Los Angeles-based artist Alison Berger echoes Carpenter’s emphasis on the relationship between glass and light and applies it to furnishings, lighting, and site-specific sculpture. “Light is my medium”; she writes, “glass is my material and memory.” Inspired by objects as diverse as an ancient abacus, Roman glass vessels, and scientific instruments, Berger crafts objects that stage light interventions on an intimate, rather than architectural, scale. Her Hexagon Lens Chandelier was inspired by the facets of a 1920s emerald-cut glass earring she discovered at a flea market. Fascinated by the ability of the facets to distort light, Berger began experimenting with cast glass lenses in 2009 when she created the Lens Sconce and Lens Chandelier. The Hexagon Lens Chandelier is a new work created for this exhibition and designed to give viewers a special view of its interactions with light by placing it in a dark area of the gallery at a height lower than a chandelier would typically be installed.

Many of the works in this exhibition are lighting fixtures, ranging from the elaborate and bespoke such as Marco Dessí’s Basket Chandelier for the venerable Austrian firm Lobmeyr, to the clusters of glass globes comprising ceiling fixtures by Brooklyn designer Lindsey Adelman and the Canadian firm Bocci. Dessí found inspiration for the Basket fixture in an early Baroque glass chandelier from Schloss Hof palace near Vienna. Dessí “weaves” a basket-like structure using hexagonally bent glass tubes together with silk cords. The lighting element is a spiral on a pole that enhances light from halogen bulbs. Adelman’s lighting has become easily recognizable as her modular building blocks are now in the hands of her customers. Her website features a service called “You Make It” which allows clients to assemble a lighting fixture from a menu of metal and glass options. Handblown glass globes by Michiko Sakano gives each piece the look of a fruit tree. The globes are spherical but never perfect, nor identical, making Adelman’s experiment in online retailing an intriguing model for small and medium-sized firms working with contemporary artisans.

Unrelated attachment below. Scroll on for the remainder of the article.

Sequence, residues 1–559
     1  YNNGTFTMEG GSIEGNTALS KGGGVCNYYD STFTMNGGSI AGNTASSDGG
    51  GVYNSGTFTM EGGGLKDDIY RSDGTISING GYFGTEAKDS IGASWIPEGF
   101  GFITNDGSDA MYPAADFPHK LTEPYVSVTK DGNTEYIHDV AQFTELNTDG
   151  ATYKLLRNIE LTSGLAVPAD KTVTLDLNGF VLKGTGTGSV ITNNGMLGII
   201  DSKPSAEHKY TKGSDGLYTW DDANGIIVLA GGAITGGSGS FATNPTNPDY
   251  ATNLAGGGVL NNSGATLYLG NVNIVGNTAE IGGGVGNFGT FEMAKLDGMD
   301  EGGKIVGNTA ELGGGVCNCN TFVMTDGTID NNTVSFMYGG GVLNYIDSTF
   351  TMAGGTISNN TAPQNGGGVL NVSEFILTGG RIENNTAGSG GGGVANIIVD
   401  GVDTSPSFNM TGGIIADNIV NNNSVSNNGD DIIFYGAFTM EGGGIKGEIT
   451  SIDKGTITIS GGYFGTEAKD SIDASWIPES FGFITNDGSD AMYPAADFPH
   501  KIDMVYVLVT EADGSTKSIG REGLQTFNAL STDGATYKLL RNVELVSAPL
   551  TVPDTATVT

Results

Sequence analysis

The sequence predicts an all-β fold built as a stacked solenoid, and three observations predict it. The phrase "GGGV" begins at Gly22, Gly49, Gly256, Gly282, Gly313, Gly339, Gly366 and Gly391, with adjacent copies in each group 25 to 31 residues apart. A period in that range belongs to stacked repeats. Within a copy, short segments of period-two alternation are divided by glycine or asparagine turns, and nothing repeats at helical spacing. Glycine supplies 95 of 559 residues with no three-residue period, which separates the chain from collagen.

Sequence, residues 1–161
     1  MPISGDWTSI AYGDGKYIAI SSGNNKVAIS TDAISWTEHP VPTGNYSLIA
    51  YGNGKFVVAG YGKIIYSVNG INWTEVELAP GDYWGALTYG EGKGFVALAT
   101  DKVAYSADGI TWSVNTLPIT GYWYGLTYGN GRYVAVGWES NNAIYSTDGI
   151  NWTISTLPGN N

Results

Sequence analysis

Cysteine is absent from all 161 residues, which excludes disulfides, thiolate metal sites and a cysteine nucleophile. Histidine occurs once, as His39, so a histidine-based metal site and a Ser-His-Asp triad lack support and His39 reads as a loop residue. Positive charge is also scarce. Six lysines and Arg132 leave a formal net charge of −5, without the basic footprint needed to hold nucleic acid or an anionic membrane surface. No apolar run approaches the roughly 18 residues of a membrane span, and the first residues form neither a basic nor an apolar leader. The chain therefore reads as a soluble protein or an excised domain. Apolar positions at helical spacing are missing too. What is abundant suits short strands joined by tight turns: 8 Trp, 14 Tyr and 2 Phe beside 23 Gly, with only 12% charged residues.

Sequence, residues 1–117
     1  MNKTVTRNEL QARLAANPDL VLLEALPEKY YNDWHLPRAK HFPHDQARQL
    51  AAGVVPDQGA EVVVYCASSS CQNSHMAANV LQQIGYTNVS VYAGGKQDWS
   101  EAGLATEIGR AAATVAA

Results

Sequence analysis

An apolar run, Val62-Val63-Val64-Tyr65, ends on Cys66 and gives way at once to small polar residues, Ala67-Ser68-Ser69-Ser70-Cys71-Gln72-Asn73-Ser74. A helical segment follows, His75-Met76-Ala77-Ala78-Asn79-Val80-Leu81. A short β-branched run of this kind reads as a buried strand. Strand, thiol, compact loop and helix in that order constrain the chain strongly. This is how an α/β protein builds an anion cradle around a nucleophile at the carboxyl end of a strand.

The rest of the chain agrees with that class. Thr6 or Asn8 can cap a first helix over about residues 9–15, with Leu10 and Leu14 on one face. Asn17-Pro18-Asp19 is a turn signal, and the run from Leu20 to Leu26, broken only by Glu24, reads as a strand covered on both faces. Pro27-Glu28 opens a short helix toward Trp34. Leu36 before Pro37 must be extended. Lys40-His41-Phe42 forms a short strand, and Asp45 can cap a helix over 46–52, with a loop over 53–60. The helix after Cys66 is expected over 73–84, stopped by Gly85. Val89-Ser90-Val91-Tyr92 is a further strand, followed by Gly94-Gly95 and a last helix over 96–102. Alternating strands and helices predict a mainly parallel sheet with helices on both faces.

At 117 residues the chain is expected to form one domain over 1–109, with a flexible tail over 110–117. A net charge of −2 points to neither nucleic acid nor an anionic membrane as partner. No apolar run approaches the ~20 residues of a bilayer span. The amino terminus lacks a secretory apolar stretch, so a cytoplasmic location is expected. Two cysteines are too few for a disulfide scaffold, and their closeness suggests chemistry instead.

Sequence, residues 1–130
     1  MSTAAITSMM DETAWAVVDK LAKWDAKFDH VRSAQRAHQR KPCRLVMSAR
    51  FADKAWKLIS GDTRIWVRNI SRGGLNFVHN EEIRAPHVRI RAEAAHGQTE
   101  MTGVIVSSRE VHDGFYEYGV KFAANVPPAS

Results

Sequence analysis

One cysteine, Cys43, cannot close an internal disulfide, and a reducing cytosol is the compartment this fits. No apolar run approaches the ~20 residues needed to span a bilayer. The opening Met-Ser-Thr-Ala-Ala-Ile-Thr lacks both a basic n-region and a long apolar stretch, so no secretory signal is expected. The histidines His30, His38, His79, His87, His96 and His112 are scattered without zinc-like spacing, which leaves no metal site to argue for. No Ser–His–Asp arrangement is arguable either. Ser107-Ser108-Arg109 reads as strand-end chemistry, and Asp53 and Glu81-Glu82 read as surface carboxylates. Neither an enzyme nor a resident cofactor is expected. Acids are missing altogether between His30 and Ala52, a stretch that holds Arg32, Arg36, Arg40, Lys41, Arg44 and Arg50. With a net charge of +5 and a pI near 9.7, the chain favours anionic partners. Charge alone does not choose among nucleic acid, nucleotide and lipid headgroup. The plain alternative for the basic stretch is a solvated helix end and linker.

A growing number of designers are using glass in combination with LED elements and other materials. As Alan MacFarlane and Gerry Martin astutely note in their recent history of the material, Glass: A World History, we take glass for granted precisely because it is so common, and forget that even obsolete glass objects begat plastic descendants that we rely on daily2 . Clear plastics were developed in the mid-20th century largely as shatter-proof alternatives to glass and without them, entire generations of objects that are made from plastics today would never have existed: clock and watch faces, tableware, eyeglasses, medical and laboratory equipment. Glass is returning to favor for designers and companies concerned with resource conservation. The Switch bulb and Hulger’s Plumen (touted as the first designer energy-efficient light bulb) attempt to inject a bit of glamour into the sometimes stylechallenged effort to conserve energy. Switch bulbs use LED elements and Plumen bulbs are CFL (compact fluorescent). Both bulbs have elegant, even whimsical glass casings.